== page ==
When I was first diagnosed with HIBM (or as it’s now often called, GNE myopathy) almost 10 years ago, I couldn’t even say the name of the disease out loud. I could barely accept that I had it. I didn’t want anything to do with it. I didn’t want to read about it, I didn’t want to talk to any other patients, I didn’t want to attend any fundraisers and I most certainly did not want to meet any other patients. It was all I could do to cope. I was barely hanging on. It was all too much. Too scary. Too painful. Too real. So I didn’t push myself. I went at my own pace. I knew it was to the dismay of some loved ones who thought it would benefit me to reach out to other patients for support. Especially those who seemed to be doing quite well living with the disease. But I wasn’t ready. I admittedly felt a bit self-conscious of my process. It seemed that other newly diagnosed patients were able to jump right in and access any and all resources that were available to them. But I wasn’t.
In the early years, I cried all the time. I cried not only about what was happening in the moment, but also about what I realized was never going to happen in my future.
I cried every time I thought of not being able to dance at my kids’ weddings. (For whatever reason, that one came up a lot at the beginning). Then, as I continued to progress, I cried when I thought about possibly not being able to stand up on the bimah at their bar-mitzvahs.
I cried (and became angry and defensive) the first time somebody suggested I consider surrogacy as a way to have a second child to complete my family.
When I watched my mother and mother-in-law act as night nurses for my boys when they were babies, helping me throughout the night, voluntarily exhausting themselves for the love of their grandsons, I cried because I knew I’d never be able to do that for my own children and their babies.
I cried myself to sleep the first time I went to the snow with my 10 month old (who will be turning 9 in May) because I knew then that I’d never be able to ski down the mountain alongside him the way my parents did with me. And when someone so lovingly told me there were adaptive ski programs at most mountains, I became angry and defensive because I wasn’t interested in some special program to help me. I was interested in having my old skiing body back.
I used to cry a lot. And I still do my fair share of crying, but it’s different. My mind travels to all of those same places in the future, 10 or 20 years down the road, but when it gets there, it sees something very different from what it saw back then. I was wearing different lenses then. I couldn’t see through the pain and the loss. It was cloudy and dark. I was too angry to try to envision any other scene. I simply couldn’t.
But of course I couldn’t. I hadn’t yet honed any coping tools at the start of this journey. I couldn’t possibly imagine tolerating where I am now when I was all the way back there. Quite frankly, it would have been odd if I had been able to embrace it. I just wasn’t there yet. And no matter how many people tried to reassure me that I would eventually figure it out or that it would be okay, I didn’t buy it.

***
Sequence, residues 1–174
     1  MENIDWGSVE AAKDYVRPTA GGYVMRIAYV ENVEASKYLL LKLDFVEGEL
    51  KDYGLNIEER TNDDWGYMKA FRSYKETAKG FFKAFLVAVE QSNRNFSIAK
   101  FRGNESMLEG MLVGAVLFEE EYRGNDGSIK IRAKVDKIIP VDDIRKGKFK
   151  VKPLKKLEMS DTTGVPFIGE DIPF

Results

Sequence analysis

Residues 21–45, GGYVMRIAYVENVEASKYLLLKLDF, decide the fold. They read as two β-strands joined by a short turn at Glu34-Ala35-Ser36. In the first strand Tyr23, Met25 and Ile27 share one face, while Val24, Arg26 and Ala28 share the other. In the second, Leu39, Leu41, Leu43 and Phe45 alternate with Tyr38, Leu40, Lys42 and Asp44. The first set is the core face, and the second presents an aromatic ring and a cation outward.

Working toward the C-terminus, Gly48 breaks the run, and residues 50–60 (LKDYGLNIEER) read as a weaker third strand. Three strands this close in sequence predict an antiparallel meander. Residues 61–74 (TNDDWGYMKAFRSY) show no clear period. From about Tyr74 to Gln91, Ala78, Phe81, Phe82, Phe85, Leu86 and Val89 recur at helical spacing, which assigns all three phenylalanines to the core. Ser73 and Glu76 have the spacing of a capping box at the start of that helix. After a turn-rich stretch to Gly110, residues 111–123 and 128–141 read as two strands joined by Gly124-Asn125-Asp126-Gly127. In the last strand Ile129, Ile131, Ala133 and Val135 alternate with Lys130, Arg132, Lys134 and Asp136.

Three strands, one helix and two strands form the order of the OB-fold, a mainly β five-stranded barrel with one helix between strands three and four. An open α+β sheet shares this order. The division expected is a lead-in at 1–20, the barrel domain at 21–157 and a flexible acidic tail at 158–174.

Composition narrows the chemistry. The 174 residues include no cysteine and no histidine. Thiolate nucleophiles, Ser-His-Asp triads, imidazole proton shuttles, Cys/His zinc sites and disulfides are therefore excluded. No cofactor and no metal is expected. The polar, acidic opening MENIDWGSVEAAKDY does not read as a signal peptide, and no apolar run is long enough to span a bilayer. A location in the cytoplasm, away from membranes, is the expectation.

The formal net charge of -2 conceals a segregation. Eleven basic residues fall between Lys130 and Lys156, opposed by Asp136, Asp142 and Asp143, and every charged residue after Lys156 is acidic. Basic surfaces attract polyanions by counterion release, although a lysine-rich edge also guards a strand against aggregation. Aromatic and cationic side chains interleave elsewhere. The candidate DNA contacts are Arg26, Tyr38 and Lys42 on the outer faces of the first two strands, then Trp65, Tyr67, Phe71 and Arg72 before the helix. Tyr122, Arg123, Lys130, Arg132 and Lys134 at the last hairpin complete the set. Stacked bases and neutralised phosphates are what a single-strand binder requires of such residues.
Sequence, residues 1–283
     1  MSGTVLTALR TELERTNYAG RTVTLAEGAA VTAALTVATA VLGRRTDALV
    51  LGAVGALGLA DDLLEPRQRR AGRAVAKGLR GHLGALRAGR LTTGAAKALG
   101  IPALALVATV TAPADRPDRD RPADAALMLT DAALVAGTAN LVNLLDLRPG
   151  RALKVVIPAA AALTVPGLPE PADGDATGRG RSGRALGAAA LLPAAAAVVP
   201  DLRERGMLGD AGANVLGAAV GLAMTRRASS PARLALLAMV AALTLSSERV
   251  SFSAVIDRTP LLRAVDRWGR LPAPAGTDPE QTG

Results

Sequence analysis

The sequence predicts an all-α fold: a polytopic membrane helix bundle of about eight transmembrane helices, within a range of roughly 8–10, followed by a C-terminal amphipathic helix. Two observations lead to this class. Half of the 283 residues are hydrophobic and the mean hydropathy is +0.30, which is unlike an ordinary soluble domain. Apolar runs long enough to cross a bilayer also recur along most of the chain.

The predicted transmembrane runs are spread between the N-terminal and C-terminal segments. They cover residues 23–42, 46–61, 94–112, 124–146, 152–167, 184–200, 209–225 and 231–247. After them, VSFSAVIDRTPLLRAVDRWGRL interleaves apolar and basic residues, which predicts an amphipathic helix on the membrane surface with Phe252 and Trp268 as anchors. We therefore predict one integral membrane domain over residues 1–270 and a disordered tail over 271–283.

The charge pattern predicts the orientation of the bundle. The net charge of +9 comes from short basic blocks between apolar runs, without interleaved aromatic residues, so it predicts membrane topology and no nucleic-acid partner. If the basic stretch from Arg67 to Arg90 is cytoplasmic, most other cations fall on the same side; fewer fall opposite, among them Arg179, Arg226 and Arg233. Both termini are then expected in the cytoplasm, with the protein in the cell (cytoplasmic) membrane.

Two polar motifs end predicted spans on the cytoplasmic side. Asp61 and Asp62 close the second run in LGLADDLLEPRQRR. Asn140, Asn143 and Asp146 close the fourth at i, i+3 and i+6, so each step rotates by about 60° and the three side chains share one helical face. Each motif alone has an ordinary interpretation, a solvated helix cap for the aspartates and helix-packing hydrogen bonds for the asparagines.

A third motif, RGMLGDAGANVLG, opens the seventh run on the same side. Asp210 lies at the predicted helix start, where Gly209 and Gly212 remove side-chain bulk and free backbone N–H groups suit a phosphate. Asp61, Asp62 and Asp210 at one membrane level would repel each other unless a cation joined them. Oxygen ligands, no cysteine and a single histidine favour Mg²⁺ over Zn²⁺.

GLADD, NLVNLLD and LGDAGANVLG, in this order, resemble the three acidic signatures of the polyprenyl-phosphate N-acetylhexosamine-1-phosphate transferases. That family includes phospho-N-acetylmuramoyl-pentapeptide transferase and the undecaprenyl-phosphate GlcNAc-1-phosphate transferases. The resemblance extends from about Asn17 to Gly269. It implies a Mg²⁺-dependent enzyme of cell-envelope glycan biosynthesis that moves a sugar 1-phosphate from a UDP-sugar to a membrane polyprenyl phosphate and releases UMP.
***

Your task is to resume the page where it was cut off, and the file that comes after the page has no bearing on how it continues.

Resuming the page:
Here’s where I am now…
For the last few years, I have taken my family to the snow and managed to ski standing up, with some simple modifications, for a few hours each trip. The last time I did, I lost control and gently crashed into a group of young girls in ski school, one of whom said so adorably and sympathetically, “It’s okay, don’t worry, we were all beginners once!” As I smiled at her sweetness, I felt that familiar pang in my heart that comes with every new loss. I knew that was the last time I would try to ski standing up.
Spring break is approaching. My younger son is turning 5 and he is ready to get serious about skiing. And so am I.
A strange thing has transpired. I am excited. I am excited to enter into this new world. I am giddy just imagining myself skiing down the mountain with my family. I spent 30 minutes on the phone with the head of the Mammoth Mountain adaptive ski program yesterday. She was awesome. Who knew there were so many options? A ski bike? A mono-ski? A bi-ski? I’m so curious to see which one will work for me. I am so excited to just get on the mountain. To show my boys what I can do. To feel the cold and work up a sweat. To get to earn my apres-ski hot chocolate. It’s strange. It almost feels as if I’m betraying my younger, more skeptical, more defiant self. As if I shouldn’t be okay with this. And yet, it also feels as if I’m giving her a precious gift. One I couldn’t receive until now.
I wish I could give this gift to newly diagnosed patients. I wish I could say to them, “Look at me! I’m doing it! Don’t worry, you’ll figure out a way too! Your own way!” But if they are anything like I was then, they will likely just cry while reading this. Or feel angry. Or hopeless. And I wouldn’t blame them.
Everyone has his or her own process. I am only here to share mine. Mine doesn’t always feel as easy or as fast as I would like, but it got me here. I’m here. I made it! Right now.
And for that, I am so grateful.